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Research finds ‘pervasive’ religious bullying in Australian public schools

Zehavit Gross & Suzanne Rutland
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Published: 30 August 2022

Last updated: 5 March 2024

In this extract from their book, Zehavit Gross and Suzanne Rutland examine how to counter widespread 'racism and religious discrimination' in the playground.

Our research found that the main reports of school-based prejudice relate to the Abrahamic faiths (Christianity, Judaism and Islam), as well as Hinduism. Responses from Buddhist students/teachers said it was not a problem for them.

With students from the Abrahamic faiths, issues related to whether they were a minority or a majority in a school. Muslim teachers reported that in areas of Sydney which were predominantly Muslim they had not “experienced any major hurdles or challenges”.

With Christians, even when they are nominally the majority, it was only when they strongly and openly identified with their faith that they experienced bullying, and this was mainly in high school. As one Christian Religious Education teacher explained: “Bullying comes from being different, and I’m not so convinced that the kids are so different in the playground and the classroom that it would become obvious”.

Overall, the responses of Christian, Muslim, Hindu and Jewish graduates who had experienced religious prejudice, bias and bullying reveal that this is an issue within schools.

There is clearly pervasive racism and religious discrimination against minority groups in Australian schools that needs to be countered.

Types of attacks

Christian anti-religious bullying occurred with some students who openly identified as being Christian, with such bullying becoming prevalent at the secondary level. Students can be teased along the lines, of “kids who would say oh, we’re just praying, we’re just praying, like making fun of them, because they were Christian”.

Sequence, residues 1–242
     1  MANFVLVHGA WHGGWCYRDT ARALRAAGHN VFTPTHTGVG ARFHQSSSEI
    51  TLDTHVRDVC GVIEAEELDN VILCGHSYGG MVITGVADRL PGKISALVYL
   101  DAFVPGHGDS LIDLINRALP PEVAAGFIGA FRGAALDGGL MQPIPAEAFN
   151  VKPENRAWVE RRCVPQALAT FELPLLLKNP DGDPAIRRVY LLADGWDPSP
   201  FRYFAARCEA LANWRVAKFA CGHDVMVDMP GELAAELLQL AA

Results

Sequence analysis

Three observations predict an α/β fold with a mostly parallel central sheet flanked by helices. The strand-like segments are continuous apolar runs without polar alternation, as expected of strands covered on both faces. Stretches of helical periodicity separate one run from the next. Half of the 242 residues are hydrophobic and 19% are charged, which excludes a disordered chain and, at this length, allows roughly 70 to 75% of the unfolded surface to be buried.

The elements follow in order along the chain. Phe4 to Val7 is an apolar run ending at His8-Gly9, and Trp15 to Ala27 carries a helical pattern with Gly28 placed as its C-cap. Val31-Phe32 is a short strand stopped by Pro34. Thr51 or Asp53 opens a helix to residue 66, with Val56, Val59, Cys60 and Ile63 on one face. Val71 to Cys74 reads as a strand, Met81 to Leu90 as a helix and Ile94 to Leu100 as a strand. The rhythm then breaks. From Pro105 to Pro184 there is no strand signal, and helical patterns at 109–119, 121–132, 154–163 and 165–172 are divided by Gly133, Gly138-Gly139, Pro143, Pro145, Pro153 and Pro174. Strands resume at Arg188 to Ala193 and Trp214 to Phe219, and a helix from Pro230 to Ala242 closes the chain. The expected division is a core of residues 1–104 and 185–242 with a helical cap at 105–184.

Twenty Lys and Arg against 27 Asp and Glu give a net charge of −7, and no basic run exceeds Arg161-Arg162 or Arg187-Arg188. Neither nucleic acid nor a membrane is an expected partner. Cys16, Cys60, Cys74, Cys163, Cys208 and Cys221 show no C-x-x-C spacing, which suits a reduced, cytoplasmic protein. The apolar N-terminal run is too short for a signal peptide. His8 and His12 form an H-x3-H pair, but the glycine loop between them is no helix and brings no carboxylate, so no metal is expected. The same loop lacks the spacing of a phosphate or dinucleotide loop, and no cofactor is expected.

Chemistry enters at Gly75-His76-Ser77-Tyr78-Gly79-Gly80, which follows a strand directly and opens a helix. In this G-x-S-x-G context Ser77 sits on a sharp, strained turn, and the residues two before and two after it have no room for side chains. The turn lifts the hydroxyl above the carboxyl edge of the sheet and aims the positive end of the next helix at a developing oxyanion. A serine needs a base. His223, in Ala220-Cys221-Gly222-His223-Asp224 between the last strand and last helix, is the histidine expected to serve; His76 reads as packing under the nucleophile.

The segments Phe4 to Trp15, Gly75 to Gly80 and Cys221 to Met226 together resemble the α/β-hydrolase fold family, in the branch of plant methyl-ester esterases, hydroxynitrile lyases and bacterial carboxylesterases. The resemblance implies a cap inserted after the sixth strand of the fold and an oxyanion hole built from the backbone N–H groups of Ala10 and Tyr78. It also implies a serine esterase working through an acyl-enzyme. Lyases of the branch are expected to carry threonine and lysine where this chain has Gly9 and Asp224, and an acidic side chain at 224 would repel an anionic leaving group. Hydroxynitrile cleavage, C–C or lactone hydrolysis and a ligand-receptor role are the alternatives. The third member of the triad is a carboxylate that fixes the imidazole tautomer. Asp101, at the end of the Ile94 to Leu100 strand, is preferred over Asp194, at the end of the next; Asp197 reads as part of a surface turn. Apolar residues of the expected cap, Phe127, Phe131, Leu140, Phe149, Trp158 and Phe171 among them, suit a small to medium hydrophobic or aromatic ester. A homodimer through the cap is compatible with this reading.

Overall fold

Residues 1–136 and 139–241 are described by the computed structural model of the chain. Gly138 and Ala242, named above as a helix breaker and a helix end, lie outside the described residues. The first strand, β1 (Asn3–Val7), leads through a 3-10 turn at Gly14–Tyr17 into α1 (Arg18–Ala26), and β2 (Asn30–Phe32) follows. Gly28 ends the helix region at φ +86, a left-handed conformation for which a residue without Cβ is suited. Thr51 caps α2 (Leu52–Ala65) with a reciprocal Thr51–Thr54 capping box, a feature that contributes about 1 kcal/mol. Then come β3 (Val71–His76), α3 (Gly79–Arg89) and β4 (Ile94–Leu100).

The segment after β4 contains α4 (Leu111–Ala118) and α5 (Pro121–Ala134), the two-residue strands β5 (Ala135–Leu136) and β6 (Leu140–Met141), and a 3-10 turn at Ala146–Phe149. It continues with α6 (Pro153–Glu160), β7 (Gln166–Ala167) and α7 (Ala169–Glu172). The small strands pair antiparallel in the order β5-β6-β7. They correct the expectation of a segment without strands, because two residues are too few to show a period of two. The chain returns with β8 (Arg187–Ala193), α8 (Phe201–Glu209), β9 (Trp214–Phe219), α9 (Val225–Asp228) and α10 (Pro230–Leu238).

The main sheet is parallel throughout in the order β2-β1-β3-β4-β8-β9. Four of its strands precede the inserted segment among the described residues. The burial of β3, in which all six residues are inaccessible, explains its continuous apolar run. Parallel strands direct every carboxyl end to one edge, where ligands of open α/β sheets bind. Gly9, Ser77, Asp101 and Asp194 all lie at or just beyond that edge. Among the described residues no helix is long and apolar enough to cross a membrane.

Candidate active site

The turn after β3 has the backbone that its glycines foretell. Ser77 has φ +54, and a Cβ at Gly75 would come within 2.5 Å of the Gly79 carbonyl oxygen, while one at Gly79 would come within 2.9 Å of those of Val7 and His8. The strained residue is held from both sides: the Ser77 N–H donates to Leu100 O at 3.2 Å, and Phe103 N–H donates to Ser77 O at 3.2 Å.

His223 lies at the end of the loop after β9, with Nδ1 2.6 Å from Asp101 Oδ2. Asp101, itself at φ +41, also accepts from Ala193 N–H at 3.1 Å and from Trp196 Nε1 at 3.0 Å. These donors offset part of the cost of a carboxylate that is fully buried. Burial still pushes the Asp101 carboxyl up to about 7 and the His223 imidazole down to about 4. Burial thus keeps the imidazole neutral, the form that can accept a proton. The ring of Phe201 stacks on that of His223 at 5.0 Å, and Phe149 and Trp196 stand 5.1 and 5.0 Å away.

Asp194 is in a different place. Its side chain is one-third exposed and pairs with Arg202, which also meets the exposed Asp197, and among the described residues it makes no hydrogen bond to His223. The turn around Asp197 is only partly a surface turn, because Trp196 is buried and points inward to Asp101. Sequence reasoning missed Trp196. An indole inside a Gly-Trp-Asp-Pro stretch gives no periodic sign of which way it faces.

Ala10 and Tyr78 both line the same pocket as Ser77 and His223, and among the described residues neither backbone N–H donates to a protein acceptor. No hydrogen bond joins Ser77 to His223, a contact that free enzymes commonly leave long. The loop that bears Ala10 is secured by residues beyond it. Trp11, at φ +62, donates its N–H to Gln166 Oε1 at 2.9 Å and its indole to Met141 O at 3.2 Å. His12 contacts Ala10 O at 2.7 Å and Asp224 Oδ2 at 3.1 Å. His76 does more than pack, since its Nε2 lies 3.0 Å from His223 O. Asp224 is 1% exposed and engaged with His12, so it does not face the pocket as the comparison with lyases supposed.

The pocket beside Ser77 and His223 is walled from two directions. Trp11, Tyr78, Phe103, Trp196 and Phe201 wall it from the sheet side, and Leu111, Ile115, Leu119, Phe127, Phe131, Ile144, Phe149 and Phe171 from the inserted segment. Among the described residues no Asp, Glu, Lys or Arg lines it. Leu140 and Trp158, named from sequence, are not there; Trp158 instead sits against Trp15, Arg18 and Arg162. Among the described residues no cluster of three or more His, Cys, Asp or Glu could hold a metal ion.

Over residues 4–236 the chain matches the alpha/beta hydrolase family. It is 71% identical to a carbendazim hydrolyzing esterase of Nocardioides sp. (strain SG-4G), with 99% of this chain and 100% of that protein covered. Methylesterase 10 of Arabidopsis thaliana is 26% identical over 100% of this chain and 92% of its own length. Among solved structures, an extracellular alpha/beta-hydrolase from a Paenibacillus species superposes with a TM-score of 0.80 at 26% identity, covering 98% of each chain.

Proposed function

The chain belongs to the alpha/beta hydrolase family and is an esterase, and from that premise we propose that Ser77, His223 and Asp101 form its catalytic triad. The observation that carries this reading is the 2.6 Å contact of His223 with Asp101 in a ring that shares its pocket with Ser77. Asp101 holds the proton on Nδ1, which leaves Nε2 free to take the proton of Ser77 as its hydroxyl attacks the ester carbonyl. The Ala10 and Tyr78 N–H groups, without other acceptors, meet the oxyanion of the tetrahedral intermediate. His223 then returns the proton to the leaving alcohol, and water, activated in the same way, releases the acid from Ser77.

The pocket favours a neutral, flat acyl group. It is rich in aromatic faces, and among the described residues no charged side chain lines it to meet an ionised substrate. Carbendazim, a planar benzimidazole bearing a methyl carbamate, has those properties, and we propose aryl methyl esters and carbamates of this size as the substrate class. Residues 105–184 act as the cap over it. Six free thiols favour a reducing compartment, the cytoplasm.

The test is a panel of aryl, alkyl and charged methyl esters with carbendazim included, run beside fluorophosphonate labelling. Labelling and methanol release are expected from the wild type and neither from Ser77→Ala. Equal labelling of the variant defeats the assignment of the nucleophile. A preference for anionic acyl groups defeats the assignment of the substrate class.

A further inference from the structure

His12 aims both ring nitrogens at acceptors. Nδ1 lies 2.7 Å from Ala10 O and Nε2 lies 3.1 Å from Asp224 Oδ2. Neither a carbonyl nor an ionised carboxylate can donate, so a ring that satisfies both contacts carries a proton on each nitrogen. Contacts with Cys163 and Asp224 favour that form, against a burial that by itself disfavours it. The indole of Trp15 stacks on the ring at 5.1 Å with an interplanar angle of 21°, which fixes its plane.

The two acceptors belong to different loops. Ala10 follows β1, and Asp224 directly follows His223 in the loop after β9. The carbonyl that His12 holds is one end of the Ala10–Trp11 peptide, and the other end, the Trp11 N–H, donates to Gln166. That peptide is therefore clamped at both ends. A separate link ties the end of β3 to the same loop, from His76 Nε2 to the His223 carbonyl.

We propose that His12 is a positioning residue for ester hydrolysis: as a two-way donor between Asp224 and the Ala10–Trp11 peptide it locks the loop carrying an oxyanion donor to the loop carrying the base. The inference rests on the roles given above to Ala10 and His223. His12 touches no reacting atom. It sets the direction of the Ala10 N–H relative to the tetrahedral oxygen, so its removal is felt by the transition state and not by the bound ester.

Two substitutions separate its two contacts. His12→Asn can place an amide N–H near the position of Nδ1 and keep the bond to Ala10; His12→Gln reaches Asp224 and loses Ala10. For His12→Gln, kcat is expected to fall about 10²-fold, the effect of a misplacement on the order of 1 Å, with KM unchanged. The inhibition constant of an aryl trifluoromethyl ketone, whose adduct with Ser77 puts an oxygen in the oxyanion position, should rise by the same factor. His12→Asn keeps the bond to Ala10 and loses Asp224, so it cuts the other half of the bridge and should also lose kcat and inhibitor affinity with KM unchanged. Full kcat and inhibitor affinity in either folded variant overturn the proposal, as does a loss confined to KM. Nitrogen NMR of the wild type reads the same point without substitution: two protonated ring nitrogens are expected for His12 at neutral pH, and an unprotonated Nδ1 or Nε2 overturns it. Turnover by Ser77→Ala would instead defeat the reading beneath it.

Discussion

One graduate explained: “I was bullied because I didn’t swear, and I didn’t drink, which was built on my faith, and I didn’t believe that under-age drinking was a thing, or that I should go around cursing, or taking the Lord’s name in vain, or practicing sex outside of marriage.”

Muslim teachers and graduate interviewees reported a “normalisation of anti-Muslim bullying” at school but also gave examples of outside events, both locally (such as graffiti on local mosques) as well as internationally (such as the Christchurch shooting). These impacted negatively on the students. One graduate interviewee noted that her cousin was in the city centre and “some random guy that doesn’t really like our religion just came up to her and punched her in the stomach…”

In the school setting, the girls who wore a hijab could be particular targets for teasing, with students making comments such as “You have a towel on your head”, creating a sense of alienation, while the boys could be “called bad things” including being teased for being “terrorists and bombers”.

The attacks increased when there was negative coverage in the media. Often, the school principals failed to react when anti-Muslim bullying occurred, adding to the students’ sense of vulnerability.

For the Hindu students, the girls could also be specific targets of attack because of the Bindi, a round, red dot considered to be a third eye, but both sexes suffered from attacks based on stereotypical views.

The Hindu graduate explained: “I’ve had teachers even ask, ‘don’t you have child marriages in India?’ It is kind of disheartening to hear those things because no one really understands the history of India and British colonisation and what people had to do and struggle. I think it’s quite hard to go through, especially when your own peers are putting you down for being a certain culture or being a certain nationality.

The current study found issues of racial prejudice facing young Jews, which started in primary school but increased in high school. Two recent incidents in Melbourne, one involving a five-year old boy and the other a 12-year-old boy in secondary school received significant press coverage. In the first instance, the five-year old was repeatedly called a “cockroach” and “dirty Jew”, as well as being tormented in the toilets because he was circumcised.

Religious bullying in the playground is a case study of the more general phenomenon of ‘out group/in group’ of minorities in the schoolyard.

As a result, he started wetting himself in class, rather than going to the toilet. He was provided with a separate toilet as a “safety plan” but the department of education claimed his complaints could not be corroborated, since the teachers did not hear the comments. In the end, the department apologised for this denial, but the parents decided to take the boy out of the government school.